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Pentecost Reflection

Lord, send out your Spirit, and renew the face of the earth (Ps. 104:30)

By Jerry Creedon

When you read this, my dear friends, Pentecost will have come and gone. In the old liturgy (of the days many decades ago when I was an altar-server) Pentecost had a much longer innings. The Sundays after Pentecost were called precisely that, “Sundays after Pentecost,” and there were, on average, thirteen Sundays after Pentecost. Now they are called “Sundays in Ordinary Time.” Pentecost, however, is still one of the greatest feasts of the year. Its roots are ancient. It was the old Israelite festival of Shavuot or Weeks which, by the way, Jews still celebrate. Shavuot which, translated into Greek long before the birth of Christianity, came to be called “Pentecost,” was one of the three great pilgrimage feasts of ancient Israel. That explains why all those foreigners, Parthians, Medes, Elamites and so on, were in Jerusalem when “the day of Pentecost had come.” The disciples were there too. Jesus had told them “not to leave Jerusalem, but to wait there for the promise of the Father” (Acts 1:4). There they were, all together, in one place, huddled, quiet, praying, apprehensive, maybe afraid. Suddenly the quiet of the group was disturbed, and the tension in the room abruptly broken, by the roar of a violent wind and the flash of fire. “And they were all filled with the Holy Spirit.” This is the dramatic story of the first Christian Pentecost, as told by St. Luke in a mere four verses of Acts of the Apostles. It is a story of great excitement, exuberant joy, boundless energy, refreshing newness, untrammeled freedom. It is a tale of crowds becoming community, outsiders becoming insiders, timid by-standers becoming fearless witnesses.

What about us, the Catholic education community of Hamilton-Wentworth? What does the celebration of last Sunday say to us? The very vocabulary of Pentecost cries out to us. The Holy Spirit “fills.” “They were all filled with the Holy Spirit,” “Peter was filled with the Holy Spirit” (Acts 4:8). We pray, do we not, to the Pentecost Spirit:

“Come with thy power and heavenly aid,
and fill the hearts which thou hast made.”

This hymn goes back to the ninth century. It is sung not only at Pentecost, but for ordinations and the opening of synods and church councils. It is the text for the first movement of Gustav Mahler’s Eighth Symphony. It is the hymn most frequently sung over the years in all Christian churches. When we ask the Holy Spirit to fill our hearts, we join the chorus of myriads of fellow Christians through the centuries in our plea for wholeheartedness, and liberation from half-heartedness.

We are praying that we become the Spirit-filled evangelizers to whom Pope Francis devotes the final chapter of his Apostolic Exhortation Evangelii Gaudium. “Spirit-filled evangelizers,” the Holy Father writes, “means evangelizers fearlessly open to the working of the Holy Spirit” (#259).

And the Holy Spirit works in extraordinary and unexpected ways. To get back to vocabulary, the Holy Spirit is described as not only “coming upon” persons, but as “falling” on them. “The Holy Spirit had not yet fallen on any of them” (Acts 8:15-16). “While Peter was still speaking, the Holy Spirit fell on all who heard the word” (Acts 10:44). And there are several other examples, all of them telling us that “the Spirit, like the wind, blows where it chooses” (John 3:8). The working of the Spirit is sudden, unexpected, unpredictable, free from the control of our managerial strategies. When we least expect it, and how we least imagine it, the Holy Spirit, the Paraclete, lands at our side bringing comfort and joy to troubled hearts and pouring into them anew God’s love (Romans 5:5). Like the Divine Shepherd in Psalm 23, he (or, maybe, she. The Hebrew word for spirit, ruach, is feminine!) “revives our drooping spirits,” energizes us. Pope Francis, urging “enthusiasm for a new chapter of evangelization full of fervour, joy, generosity, boundless love and attraction” admits that he realizes that “no words of encouragement will be enough unless the fire of the Holy Spirit burns in our hearts” (Evangelii Gaudium #261). Could we see these powerful words of Pope Francis as the psalm for Pentecost transposed to a new and higher key?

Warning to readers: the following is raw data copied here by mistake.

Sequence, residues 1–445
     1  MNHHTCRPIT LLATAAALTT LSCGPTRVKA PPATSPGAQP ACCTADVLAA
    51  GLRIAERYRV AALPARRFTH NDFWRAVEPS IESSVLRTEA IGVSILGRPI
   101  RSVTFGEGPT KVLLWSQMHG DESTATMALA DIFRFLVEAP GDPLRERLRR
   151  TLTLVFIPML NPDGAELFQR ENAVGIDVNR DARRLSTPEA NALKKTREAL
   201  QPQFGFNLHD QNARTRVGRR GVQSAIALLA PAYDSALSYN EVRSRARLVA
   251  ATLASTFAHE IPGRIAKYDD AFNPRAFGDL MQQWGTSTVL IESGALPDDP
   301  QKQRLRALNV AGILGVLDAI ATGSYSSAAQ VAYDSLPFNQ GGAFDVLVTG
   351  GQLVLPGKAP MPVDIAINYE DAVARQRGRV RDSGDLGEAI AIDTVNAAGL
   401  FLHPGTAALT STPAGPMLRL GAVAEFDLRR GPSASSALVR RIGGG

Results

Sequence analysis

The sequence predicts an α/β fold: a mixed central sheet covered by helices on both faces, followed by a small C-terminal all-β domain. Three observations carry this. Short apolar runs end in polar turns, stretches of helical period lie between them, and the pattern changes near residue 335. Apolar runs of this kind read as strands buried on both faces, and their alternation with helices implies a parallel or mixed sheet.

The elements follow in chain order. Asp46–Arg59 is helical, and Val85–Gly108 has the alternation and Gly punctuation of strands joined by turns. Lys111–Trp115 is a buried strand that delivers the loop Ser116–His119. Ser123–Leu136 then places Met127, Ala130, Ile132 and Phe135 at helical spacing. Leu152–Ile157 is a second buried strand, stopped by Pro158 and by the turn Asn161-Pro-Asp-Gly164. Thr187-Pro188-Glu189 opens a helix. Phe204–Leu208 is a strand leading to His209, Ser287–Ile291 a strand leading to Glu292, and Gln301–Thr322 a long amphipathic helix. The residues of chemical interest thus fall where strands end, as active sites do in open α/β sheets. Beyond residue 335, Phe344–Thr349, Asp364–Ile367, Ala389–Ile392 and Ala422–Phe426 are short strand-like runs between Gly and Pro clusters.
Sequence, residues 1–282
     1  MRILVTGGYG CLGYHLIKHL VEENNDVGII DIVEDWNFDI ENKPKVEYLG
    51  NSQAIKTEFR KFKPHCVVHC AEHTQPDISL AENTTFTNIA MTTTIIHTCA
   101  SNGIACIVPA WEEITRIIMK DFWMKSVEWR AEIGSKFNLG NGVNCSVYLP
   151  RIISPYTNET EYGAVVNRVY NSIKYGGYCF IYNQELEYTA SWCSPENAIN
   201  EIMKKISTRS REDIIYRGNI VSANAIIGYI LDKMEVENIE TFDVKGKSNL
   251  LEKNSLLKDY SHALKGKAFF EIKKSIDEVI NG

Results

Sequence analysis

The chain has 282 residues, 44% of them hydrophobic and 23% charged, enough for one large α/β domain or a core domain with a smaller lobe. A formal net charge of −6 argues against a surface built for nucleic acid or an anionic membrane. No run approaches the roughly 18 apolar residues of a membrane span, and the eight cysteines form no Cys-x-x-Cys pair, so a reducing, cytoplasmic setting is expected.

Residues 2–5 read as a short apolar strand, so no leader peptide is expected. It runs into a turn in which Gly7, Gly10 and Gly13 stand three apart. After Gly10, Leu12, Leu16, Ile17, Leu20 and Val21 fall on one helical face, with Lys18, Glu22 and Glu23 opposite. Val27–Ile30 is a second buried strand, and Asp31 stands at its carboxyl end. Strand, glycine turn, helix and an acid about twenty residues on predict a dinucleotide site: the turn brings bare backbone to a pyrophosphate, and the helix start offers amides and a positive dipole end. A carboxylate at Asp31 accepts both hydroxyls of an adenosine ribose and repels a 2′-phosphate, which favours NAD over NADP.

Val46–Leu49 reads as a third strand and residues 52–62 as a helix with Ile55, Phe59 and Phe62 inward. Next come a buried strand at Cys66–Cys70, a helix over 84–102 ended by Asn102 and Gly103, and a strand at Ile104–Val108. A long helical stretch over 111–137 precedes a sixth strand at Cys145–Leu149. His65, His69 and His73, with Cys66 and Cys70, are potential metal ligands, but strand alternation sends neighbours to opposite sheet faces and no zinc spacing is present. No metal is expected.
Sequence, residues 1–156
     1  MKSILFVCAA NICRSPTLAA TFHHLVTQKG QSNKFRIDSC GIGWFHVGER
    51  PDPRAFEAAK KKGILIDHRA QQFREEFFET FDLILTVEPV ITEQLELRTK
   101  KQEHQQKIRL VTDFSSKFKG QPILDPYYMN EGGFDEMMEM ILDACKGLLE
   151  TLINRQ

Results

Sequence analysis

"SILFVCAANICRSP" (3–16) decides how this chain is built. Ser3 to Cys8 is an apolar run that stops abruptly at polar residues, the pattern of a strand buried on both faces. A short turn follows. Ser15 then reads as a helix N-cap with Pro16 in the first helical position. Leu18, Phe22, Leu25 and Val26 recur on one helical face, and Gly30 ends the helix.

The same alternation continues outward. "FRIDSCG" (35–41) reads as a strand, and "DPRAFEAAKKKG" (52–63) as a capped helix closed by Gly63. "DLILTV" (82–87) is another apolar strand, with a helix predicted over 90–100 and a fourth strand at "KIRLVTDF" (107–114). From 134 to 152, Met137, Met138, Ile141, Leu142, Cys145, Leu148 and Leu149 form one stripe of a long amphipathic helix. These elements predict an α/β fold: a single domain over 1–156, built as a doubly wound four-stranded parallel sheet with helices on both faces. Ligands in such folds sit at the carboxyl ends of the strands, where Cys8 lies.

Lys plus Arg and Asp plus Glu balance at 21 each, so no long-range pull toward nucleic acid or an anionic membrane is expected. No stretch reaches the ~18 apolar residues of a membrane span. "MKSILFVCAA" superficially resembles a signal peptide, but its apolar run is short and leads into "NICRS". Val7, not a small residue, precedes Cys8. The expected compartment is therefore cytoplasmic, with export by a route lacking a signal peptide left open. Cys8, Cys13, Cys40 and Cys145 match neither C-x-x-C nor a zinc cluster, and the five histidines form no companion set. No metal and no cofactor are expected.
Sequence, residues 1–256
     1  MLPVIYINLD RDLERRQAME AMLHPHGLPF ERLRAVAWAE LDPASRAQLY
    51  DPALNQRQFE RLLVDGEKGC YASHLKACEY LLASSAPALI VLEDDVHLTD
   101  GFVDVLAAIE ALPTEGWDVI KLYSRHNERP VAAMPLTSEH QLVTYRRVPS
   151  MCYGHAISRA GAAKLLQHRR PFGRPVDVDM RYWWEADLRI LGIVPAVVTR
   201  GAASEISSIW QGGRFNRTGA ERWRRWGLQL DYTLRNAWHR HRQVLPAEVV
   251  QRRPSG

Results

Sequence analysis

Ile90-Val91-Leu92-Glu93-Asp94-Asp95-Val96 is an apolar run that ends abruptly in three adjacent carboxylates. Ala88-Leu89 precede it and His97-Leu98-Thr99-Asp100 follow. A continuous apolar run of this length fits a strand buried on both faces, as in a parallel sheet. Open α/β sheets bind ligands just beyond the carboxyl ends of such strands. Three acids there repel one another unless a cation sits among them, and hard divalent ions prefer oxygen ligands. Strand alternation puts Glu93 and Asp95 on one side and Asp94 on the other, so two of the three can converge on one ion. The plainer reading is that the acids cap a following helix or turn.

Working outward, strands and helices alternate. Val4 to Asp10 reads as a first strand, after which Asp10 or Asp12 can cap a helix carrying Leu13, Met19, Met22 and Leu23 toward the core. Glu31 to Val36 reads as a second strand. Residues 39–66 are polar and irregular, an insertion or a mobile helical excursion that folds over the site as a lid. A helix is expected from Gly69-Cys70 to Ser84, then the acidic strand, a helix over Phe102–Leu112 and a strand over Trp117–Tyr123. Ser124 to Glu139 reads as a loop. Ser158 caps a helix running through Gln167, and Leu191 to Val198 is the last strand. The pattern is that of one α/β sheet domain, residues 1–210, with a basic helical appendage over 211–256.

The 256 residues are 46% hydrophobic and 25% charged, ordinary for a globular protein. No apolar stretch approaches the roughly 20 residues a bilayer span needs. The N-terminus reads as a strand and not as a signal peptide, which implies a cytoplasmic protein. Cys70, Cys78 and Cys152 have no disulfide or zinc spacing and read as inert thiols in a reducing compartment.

“When you take away your Spirit creatures droop and die.
When you send forth your Spirit they are created
and you renew the face of the earth” (Ps. 104: 29-30).

I mentioned at the beginning that Pentecost has its origins in an old Israelite festival, the Festival of Shavuot or Weeks. This was a harvest festival which later came to be a commemoration of the giving of the Torah to Moses on Mt. Sinai. This Pentecost I would like to hark back to that ancient harvest festival. I think of Gerard Manley Hopkins’ poem “Hurrahing In Harvest,” and I propose that we, in our Catholic education community of Hamilton-Wentworth, do just that: hurrah in harvest. For it is harvest time. The end of another school year is in sight. And, like the crowds at the first Pentecost, we have much to hurrah over, much for which to thank the Holy Spirit who gives our community life and breath.

“For now the winter is past,
the rain is over and gone.
The flowers appear on the earth;
the time of singing has come,
and the voice of the turtledove
is heard in our land.
The fig tree puts forth its figs,
and the vines are in blossom” (Song of Songs 2:12-13).

I dedicate this reflection to Father Kyran Kennedy, a true “sacerdos magnus qui in diebus suis placuit Deo, a great priest who in his days pleased God” (Sirach 44:16-17). Pentecost Sunday, June 8, 2014, was the sixty second anniversary of his ordination to the priesthood. May his noble soul rest in the peace of Christ whom he so faithfully served.

Pentecost Reflection